In 2002, Lawrence Lindsey, director of the White House National Economic Council, surprised the Bush administration by saying that a war in Iraq could cost $100-$200 billion. Some considered his estimate to be exaggerated, but it is now seen as far too low. Even accounting for costs already incurred alone these figures are already exceeded (estimates of costs are being updated by the second here) .
Various economists are now working to get a feel for the scale of the costs.
(i) Scott Wallsten ‘The Economic Cost of the Iraq War’ here. At this website you can make your own costing assumptions to come up with your own cost estimate. Estimated sunk costs $500 billion with $500 billion yet to come – ignores possible benefits. The simulation exercise is fascinating, simple and grim.
(ii) Joseph Stiglitz ‘The High Cost of the War in Iraq’ here. A popular version of (iii). Emphasises the cost of the war in terms of foregone social and other programs.
(iii) Joseph Stiglitz and Linda Bilmes, ‘The Economic Costs of the Iraq War’ here. Costs exceed $1trillion – again ignores possible benefits
(iv) S. J. Davis, K.M. Murphy & R.H. Topel, ‘War in Iraq Versus Containment’ here. This 2006 study comes up with cost estimates in 2003 dollars of $410-$630 billion. This is then compared to the cost of maintaining the prior ‘containment’ policy which they estimate at $300 billion. But the ‘containment policy’, they claim, was already being criticized as ineffective and, allowing for possible costs here, total costs of containment turn out to equal the cost of intervention. The authors see net economic benefits to the people from the war in Iraq which tilts the scales in favor of intervention. An earlier study by these authors (here) dated March 2003 seems dated by subsequent events.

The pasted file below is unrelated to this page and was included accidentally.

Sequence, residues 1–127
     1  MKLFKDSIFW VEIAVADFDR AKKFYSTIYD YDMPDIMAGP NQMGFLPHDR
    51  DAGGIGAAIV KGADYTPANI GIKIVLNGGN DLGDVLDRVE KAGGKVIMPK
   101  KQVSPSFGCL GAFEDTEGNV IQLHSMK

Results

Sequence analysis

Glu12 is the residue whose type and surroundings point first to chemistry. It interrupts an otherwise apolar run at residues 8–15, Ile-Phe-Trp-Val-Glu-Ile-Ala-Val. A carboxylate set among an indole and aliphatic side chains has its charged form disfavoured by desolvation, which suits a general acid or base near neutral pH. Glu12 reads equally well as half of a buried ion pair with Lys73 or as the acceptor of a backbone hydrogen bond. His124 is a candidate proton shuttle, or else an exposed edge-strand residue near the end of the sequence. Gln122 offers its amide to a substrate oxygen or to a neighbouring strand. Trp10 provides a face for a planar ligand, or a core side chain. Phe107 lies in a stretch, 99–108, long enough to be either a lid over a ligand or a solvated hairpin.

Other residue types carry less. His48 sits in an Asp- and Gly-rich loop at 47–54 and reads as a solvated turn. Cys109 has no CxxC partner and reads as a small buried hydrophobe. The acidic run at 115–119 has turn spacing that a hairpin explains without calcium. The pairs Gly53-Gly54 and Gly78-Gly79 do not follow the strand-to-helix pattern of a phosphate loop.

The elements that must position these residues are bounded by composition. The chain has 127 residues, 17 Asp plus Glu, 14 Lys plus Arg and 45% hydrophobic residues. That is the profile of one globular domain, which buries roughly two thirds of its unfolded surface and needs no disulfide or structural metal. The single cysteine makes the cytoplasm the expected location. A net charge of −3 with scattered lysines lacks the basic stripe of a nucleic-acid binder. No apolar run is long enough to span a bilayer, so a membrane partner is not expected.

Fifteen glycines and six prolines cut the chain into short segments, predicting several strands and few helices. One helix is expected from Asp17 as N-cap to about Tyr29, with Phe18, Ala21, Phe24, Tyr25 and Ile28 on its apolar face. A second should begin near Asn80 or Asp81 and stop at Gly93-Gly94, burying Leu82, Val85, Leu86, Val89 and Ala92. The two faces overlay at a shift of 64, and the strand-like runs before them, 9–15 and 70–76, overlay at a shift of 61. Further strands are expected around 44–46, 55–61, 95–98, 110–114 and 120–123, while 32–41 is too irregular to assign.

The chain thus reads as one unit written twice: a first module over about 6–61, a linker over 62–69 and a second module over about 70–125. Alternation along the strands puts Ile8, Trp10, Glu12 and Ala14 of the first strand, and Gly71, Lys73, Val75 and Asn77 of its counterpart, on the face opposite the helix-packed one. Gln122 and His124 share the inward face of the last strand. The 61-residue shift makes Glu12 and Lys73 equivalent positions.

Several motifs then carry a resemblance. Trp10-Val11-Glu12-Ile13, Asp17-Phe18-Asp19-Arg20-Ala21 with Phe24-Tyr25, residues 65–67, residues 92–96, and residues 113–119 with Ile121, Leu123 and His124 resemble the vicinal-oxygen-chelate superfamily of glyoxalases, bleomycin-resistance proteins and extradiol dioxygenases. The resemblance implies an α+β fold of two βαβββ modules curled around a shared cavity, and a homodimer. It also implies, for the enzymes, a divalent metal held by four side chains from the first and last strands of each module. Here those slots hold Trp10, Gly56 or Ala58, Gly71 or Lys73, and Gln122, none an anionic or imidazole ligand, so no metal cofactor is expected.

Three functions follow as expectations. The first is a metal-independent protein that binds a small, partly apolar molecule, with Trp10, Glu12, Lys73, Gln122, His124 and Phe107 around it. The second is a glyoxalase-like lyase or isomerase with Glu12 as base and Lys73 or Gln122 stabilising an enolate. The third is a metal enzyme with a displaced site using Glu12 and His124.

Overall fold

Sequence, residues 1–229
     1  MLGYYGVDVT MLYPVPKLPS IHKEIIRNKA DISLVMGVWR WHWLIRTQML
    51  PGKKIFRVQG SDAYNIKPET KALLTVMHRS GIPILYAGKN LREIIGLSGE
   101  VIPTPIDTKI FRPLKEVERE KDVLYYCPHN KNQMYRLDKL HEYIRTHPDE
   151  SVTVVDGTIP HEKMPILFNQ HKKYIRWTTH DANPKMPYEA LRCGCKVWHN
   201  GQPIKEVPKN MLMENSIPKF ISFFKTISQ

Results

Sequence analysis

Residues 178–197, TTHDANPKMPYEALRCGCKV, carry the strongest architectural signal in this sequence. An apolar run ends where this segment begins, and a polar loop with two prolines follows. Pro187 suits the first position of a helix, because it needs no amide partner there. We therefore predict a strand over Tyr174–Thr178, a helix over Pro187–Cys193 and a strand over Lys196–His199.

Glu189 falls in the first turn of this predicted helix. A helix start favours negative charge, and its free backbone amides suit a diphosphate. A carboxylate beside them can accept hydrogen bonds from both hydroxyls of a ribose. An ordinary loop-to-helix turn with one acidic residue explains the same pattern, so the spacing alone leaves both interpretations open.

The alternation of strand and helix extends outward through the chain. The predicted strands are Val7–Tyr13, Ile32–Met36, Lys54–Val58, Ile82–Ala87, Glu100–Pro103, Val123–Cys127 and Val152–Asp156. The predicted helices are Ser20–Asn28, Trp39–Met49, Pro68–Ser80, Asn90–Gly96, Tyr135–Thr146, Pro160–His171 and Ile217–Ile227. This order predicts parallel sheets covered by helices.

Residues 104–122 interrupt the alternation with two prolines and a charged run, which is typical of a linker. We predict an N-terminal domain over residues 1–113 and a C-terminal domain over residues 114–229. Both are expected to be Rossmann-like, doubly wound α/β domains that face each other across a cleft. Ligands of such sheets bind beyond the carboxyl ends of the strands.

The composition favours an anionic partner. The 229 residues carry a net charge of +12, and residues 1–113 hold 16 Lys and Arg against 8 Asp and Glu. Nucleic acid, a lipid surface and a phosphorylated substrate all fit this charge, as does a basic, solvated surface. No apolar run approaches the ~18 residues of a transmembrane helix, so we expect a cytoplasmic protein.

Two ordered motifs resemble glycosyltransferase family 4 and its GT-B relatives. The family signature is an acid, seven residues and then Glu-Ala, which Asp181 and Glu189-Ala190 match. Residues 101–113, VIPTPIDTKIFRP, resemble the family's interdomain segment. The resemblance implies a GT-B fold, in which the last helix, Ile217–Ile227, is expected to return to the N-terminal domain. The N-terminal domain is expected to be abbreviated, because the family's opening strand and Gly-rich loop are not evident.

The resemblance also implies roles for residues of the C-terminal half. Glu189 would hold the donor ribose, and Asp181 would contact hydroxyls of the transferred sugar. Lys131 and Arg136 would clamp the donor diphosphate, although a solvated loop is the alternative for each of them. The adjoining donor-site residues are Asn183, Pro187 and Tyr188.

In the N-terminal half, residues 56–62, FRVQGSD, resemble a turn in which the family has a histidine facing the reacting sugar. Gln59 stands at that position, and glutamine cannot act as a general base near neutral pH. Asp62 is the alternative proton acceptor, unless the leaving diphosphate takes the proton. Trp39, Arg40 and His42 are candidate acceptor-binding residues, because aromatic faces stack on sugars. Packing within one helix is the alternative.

I’ll try to collate further studies as I become aware of them. I think (iv) is the most methodologically sound approach but, its empirical assumptions have been questioned. Tyler Cowen at Marginal Revolution doubts that a Saddam-led Iraq would have raised ‘the probability of a major terrorist attack by 4 percentage points in any given year…’. On the other hand, Cowen argues, perhaps the current civil war might have occurred, sooner or later, if we had stayed out. There is also a good discussion at the Becker-Posner blog here.
I set out the Davis et al conclusions below.
Prior to the invasion of Iraq a containment policy was the leading alternative to forcible regime change. Davis et al. ask:
· Was war more or less costly for the US than continued containment?
· Would a continuation of containment have saved Iraqi lives?
· Is war likely to improve the economic well-being of Iraqis?
There answers are ‘no’, ‘no’ and ‘yes’ respectively to these questions. I summarise their conclusions.
Forcible regime change in Iraq has been costly. At January 2006, the Iraq intervention implies present value costs for the US of $410-630 billion at a 2% discount rate. This captures the estimated economic costs of US military resources, the value of lost lives and injuries by US soldiers, lifetime medical costs of treating injured soldiers, and outlays for humanitarian assistance and postwar reconstruction. Pre-invasion views about the likely course of the Iraq intervention imply present value costs in the range of $100-$870 billion. Military resources devoted to postwar occupation account for more than half of total costs except in optimistic scenarios that envision a short occupation, little postwar conflict and a smooth reconstruction effort.